It was on that fateful trip I had an epiphany ó I now knew what the ultimate pizza was supposed to be like, and I made it my mission, my quest for the Holy Grail if you would, to find a pizza like that in Maine. Little did I know that this quest of mine would take years and result in untold disappointments.
For the next seven years, I sampled pizza everywhere I went, from classy restaurants to general stores with pizza on warming racks and pizza chains promising authentic New York-style pizza. From Millinocket to York, and out to Bethel, I kept ordering pizza in my quest to find one that would taste as good as those pizzas I had in Connecticut. Each time, I was disappointed.
At one point I was craving true New York-style pizza so badly that I convinced a co-worker who was visiting his sick brother in southern Connecticut to buy me a pizza and bring it back to Maine with him. Unfortunately, I never got that pizza. John claimed he bought a pizza for himself and for me, ate his one night and shortly thereafter became violently ill so he threw out my pizza ... at least that was his story. To this day, I suspect John secretly ate my pizza along with his own that fateful night and later decided to claim he had food poisoning to cover up this heinous crime.
Eventually I became convinced the only way I would be able to taste that piping-hot, New York-style pizza ever again was to either move to New York or start racking up some serious frequent flier miles. And then a miracle happened. Call it Miracle on Main Street, because thatís where the Unity House of Pizza opened up.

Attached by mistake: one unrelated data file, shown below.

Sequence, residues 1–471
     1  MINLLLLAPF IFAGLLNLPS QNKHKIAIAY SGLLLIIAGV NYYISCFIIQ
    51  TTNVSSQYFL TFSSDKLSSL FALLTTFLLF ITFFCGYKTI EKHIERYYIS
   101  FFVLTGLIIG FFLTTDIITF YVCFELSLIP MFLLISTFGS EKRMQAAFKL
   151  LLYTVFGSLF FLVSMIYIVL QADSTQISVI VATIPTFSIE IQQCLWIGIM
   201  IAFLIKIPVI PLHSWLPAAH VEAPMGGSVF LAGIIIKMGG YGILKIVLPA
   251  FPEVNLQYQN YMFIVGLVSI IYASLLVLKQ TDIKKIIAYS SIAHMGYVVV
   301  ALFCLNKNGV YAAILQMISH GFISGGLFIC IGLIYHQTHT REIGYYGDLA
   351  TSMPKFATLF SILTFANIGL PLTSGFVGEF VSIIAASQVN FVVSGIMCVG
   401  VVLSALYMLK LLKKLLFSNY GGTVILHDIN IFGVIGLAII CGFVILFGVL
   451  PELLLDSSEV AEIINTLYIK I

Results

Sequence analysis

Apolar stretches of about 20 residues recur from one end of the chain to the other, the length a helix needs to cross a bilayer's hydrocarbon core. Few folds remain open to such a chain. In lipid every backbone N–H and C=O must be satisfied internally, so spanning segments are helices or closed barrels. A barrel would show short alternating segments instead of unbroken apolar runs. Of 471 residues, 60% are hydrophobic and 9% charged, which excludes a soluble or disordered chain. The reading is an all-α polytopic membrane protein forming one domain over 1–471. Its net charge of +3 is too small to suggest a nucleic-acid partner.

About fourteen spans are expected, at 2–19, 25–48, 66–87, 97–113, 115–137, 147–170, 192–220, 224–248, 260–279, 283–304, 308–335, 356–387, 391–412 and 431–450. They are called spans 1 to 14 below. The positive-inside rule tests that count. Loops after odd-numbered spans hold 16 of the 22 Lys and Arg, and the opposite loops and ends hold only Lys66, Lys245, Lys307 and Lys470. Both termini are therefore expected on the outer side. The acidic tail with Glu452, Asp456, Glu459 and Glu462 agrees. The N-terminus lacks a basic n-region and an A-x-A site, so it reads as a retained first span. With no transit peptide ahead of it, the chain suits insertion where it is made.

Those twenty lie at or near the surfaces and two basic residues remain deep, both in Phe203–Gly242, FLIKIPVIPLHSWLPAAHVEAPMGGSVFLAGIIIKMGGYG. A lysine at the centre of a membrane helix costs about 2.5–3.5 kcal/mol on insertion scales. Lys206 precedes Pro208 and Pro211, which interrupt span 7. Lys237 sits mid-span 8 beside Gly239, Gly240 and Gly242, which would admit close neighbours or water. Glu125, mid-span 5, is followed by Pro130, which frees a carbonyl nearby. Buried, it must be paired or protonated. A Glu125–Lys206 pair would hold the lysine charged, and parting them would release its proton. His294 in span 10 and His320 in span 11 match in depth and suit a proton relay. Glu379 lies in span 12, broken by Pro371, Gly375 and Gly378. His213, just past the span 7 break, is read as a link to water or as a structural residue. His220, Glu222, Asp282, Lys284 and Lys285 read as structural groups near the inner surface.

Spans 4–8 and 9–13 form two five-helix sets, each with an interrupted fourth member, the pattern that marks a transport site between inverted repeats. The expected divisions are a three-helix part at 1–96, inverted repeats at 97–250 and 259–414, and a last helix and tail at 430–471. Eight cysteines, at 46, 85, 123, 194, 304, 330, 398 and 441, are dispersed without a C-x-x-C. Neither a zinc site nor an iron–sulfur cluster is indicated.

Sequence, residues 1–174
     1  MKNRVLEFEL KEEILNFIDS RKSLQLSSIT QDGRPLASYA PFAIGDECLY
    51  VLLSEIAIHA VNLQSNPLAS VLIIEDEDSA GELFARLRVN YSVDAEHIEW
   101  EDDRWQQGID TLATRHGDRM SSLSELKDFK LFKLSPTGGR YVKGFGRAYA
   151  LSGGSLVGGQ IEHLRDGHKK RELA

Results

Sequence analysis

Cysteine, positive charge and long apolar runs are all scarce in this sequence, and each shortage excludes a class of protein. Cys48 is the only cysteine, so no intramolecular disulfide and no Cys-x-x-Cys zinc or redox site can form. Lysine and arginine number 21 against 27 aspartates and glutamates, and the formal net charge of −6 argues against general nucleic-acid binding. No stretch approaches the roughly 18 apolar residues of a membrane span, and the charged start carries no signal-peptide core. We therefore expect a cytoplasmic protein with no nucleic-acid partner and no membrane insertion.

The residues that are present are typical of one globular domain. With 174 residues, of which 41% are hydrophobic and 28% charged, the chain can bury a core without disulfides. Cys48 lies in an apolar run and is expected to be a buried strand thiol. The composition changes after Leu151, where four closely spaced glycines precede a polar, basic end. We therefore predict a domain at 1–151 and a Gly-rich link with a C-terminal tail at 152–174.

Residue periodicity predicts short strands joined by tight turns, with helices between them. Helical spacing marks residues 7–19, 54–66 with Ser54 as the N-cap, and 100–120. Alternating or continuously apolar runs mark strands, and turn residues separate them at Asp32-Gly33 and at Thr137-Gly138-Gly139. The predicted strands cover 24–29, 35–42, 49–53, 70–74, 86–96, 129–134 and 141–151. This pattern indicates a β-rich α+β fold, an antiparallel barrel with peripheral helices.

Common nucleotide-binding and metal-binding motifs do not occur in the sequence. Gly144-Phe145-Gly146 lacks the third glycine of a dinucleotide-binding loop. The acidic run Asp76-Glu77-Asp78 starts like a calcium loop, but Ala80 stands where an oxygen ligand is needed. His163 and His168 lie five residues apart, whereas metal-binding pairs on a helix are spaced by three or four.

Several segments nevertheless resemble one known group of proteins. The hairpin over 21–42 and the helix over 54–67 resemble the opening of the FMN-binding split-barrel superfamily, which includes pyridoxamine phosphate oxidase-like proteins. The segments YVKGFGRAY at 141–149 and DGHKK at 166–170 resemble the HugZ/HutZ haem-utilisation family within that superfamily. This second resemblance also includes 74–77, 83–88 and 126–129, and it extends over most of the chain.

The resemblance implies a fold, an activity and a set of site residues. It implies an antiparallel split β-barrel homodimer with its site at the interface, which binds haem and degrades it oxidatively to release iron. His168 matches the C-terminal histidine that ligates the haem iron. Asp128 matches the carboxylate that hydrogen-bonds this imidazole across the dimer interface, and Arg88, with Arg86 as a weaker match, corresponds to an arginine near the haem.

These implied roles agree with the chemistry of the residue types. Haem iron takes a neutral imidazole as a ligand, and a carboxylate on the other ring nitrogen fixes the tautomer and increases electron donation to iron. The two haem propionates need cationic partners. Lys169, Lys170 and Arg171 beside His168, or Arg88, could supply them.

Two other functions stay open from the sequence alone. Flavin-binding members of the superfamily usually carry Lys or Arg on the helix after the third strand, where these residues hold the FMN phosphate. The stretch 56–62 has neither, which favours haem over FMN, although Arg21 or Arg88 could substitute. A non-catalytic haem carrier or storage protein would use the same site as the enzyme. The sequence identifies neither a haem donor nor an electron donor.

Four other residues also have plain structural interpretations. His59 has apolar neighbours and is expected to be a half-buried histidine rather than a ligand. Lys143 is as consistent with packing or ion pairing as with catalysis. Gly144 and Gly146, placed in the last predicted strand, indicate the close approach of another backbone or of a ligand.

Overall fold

The first time my wife and I ordered a pizza, I wasnít sure what to expect. There were some good signs however. Seeing a Ms. Pac-Man machine in the corner was a good sign, since it is well known that only the best pizza places have 1980s-vintage arcade games.
The second positive sign was that the owners are Greek, with the husband being known simply as ďVĒ due to the fact that his name has about a dozen vowels strung together with approximately two dozen consonants. If I even attempted to pronounce his name, I would no doubt butcher it so badly that nearby customers would be convinced I was having a stroke and call 911 for an ambulance.
To make a long story short, the pizza we ordered that night was perfect. After years of searching, I had found my Holy Grail of pizzas. I had found a pizza rivaling those from Connecticut. I had found a pizza that truly could be called a New York-style pizza. At long last my quest was over. I had found pizza nirvana.
Itís been a little over a year now, and my love affair with the Unity House of Pizza has continued to flourish. Not a week goes by that I donít end up buying a pizza or a calzone to satiate my pizza craving. Iím on a first-name basis now with the owners, although I still canít pronounce Vís name.
About the only thing I can complain about is that the UHOPís pizza doesnít come in rectangles like that pizza I had so long ago in Connecticut ... but then again, thatís a good thing since we all know the best food comes in triangular shapes.
"Courage is not the absence of fear, but the realization that there is something more important than fear."
"Death is only one of many ways to die."